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Leftover Memories

It’s been a while but I’m still surprisingly writing. Thanks Mr. Durham. Below was a revised version of another short story that I wrote in college. Disregard the end.


 

*Starts right after the revised title “Leftover Memories”, removes the introduction quote and thought shot. Revised changes in perspective, background information, and ending creates a different story that emphasizes on the memories and focalization of my main protagonist.*

Leftover Memories

  Back in high school, I had a best friend named Greg. Although before I could even call Greg my best friend, he actually started off just as my neighbor. I had just graduated from junior high and my family and I had just coincidentally moved to another house after my dad’s job transferred him to another branch of the company, which they did quite often. The new house was part of a new expansion of a neighborhood, one that was close to the high school I would be attending, and was one of the few that was built so far in place of what was a now half-cut down forest. Moving was a normal thing to me back then and eventually I just accepted it into my life. I tried to keep in contact with some classmates (acquaintances) from the different places that I’d lived, but those hardly ever held up nor did I ever really stay long enough to find good friends. However, now that I was stepping up into high school, I thought that maybe that this would be the time in my life that I would make some real friends. And to my luck, it wasn’t long before I met Greg.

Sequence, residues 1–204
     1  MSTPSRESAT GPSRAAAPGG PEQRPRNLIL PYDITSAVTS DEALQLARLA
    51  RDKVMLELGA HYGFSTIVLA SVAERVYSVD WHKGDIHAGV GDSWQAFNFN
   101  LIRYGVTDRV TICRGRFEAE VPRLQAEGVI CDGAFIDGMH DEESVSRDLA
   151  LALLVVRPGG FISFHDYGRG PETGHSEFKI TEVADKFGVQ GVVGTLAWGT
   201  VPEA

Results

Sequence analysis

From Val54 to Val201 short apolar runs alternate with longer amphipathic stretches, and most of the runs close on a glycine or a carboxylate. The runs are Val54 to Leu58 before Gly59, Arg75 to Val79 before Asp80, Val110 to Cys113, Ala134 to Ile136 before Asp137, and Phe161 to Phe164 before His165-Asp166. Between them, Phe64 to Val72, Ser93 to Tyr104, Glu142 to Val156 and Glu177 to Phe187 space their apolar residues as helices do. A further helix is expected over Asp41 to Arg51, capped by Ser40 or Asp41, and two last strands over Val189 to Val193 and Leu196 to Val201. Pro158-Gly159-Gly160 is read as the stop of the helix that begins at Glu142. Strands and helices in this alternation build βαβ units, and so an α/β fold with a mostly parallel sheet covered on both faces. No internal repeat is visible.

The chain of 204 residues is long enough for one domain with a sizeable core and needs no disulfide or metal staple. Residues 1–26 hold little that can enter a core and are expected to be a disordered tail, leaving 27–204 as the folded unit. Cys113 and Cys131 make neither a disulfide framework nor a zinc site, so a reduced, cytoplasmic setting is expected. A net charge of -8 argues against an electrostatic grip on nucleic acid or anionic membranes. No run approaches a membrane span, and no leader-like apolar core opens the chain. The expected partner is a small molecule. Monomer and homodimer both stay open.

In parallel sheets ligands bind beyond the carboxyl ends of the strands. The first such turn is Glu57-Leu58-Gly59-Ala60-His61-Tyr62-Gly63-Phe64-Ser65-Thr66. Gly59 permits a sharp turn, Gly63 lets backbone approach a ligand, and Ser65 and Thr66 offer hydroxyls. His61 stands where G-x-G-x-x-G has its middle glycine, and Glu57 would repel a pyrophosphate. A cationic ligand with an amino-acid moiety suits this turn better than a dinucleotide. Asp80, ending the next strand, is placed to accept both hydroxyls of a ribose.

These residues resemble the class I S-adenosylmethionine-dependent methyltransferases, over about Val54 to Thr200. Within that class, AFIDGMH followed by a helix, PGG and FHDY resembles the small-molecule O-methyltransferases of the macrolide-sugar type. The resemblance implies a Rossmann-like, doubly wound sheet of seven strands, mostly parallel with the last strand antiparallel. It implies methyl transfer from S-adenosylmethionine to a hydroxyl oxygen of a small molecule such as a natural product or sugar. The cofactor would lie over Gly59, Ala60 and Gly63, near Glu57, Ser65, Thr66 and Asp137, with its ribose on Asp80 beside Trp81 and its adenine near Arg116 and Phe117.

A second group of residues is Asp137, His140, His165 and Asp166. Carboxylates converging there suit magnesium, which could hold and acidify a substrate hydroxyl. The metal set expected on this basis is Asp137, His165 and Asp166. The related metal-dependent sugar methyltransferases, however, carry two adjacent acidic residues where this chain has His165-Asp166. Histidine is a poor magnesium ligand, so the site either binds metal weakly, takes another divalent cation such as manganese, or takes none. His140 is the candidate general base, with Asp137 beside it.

My new high school was a public school, just like the rest in the past, in which I had to take the bus there and back every day since I wasn’t old enough to drive one of my dad’s cars. To make matters worse, my house was at the top of the newly built expansion that wasn’t yet registered with the school board. So in result, every day I had to walk from my house, down a narrow street, and cut through a few lawns to finally reach the only registered bus stop on the other side of the neighborhood, by 7:30 am since there as only one registered bus stop. The first few days of school, were spent adjusting to new classes, teachers, the school structure, and of course the people. Lucky for my first week, I made it to the stop just in time for the bus to arrive. However, the following week, luck didn’t seem to be on my side.